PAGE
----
Men have always been known to be tough and resilient, but the reality is that they have their low points, too. Unfortunately, depression in men is oftentimes ignored, as this doesn't go with the macho image some people think that they should exude.

The Telegraph reports that it's not only women who make this oversight--even men can't tell if their kabarkada is depressed. A team of researchers from the University of Westminster worked with 1,200 people to see how well they can identify people suffering from this condition.

The participants of the trial were asked to read stories of two fictional characters named Jack and Kate. Both stories showed classic symptoms of depression; the only difference was their gender.

Results showed that 57 percent thought that Kate was mentally unstable, while only 52 percent though that Jack was. Moreover, 21 percent thought that Jack wasn't suffering from depression--twice as many as the 10 percent who thought the same of Kate.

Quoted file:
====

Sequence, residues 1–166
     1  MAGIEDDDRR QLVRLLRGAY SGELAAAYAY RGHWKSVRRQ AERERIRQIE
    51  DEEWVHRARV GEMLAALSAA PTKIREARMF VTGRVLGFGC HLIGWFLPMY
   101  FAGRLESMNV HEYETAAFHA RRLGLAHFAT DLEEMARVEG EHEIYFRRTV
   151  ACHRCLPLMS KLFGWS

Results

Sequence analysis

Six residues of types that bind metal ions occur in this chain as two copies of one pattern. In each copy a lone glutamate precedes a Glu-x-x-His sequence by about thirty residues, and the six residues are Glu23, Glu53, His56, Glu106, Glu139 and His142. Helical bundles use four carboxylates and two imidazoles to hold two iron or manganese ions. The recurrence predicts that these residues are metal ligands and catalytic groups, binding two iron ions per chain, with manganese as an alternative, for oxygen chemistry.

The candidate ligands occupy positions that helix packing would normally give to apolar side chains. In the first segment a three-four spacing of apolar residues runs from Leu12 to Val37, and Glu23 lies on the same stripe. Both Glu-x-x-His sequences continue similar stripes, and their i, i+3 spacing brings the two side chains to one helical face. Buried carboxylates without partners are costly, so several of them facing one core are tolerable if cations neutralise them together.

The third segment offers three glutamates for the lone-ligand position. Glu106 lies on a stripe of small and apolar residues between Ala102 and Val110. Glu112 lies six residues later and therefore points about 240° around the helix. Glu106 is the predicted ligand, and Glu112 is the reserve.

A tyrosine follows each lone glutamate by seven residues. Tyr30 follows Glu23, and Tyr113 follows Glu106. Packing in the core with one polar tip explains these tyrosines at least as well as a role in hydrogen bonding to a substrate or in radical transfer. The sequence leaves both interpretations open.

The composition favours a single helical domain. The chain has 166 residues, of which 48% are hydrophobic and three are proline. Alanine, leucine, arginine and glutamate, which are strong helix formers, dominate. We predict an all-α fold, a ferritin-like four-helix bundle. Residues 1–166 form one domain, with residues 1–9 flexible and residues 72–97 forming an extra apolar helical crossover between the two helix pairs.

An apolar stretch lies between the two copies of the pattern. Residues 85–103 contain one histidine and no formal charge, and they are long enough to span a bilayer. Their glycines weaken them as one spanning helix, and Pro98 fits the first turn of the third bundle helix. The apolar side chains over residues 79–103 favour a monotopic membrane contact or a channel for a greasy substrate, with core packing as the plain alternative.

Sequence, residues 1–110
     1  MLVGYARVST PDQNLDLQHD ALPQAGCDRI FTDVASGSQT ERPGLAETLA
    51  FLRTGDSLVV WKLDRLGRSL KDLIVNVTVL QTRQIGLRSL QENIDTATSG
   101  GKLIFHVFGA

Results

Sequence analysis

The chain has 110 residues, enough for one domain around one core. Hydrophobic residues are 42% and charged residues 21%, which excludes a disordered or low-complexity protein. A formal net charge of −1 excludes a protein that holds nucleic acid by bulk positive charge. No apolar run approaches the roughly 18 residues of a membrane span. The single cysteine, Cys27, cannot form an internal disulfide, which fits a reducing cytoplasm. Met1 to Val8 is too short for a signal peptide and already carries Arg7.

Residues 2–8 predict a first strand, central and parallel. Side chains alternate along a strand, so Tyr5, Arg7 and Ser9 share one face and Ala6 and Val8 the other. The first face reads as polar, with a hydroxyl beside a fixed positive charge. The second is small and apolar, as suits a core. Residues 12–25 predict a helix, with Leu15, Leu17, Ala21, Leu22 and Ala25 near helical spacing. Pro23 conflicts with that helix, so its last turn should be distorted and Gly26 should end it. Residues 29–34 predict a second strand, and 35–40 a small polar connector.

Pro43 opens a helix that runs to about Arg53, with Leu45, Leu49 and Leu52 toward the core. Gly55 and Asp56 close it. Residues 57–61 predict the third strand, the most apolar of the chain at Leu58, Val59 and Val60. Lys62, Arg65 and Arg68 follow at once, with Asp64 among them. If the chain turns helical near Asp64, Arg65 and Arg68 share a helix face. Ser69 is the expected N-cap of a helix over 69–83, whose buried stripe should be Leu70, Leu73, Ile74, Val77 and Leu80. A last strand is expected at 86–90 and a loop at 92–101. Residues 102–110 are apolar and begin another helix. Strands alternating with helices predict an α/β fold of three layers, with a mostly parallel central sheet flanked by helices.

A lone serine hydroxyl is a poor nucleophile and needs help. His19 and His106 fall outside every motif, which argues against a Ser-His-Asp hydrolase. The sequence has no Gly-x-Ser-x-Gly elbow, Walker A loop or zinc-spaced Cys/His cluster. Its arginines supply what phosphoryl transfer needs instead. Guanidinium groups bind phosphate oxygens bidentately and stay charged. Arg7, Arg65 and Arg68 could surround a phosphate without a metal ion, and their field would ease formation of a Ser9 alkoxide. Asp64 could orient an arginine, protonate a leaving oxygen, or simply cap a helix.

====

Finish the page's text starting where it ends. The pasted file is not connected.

Although the participants were a good mix of both genders, more men thought Jack to be "normal" as compared to women.

Depression isn't something that can and should be shrugged off. The study shows that both men and women need to be more sensitive to the conditions of the "stronger" sex in spite of the machismo that society often dictates. To the men, remember that it's not embarrassing to admit your weakness. Seek help from family, friends, and if it need be, professionals. After all, acceptance is the first key to getting better.

(Photo by hang_in_there via Flickr Creative Commons)

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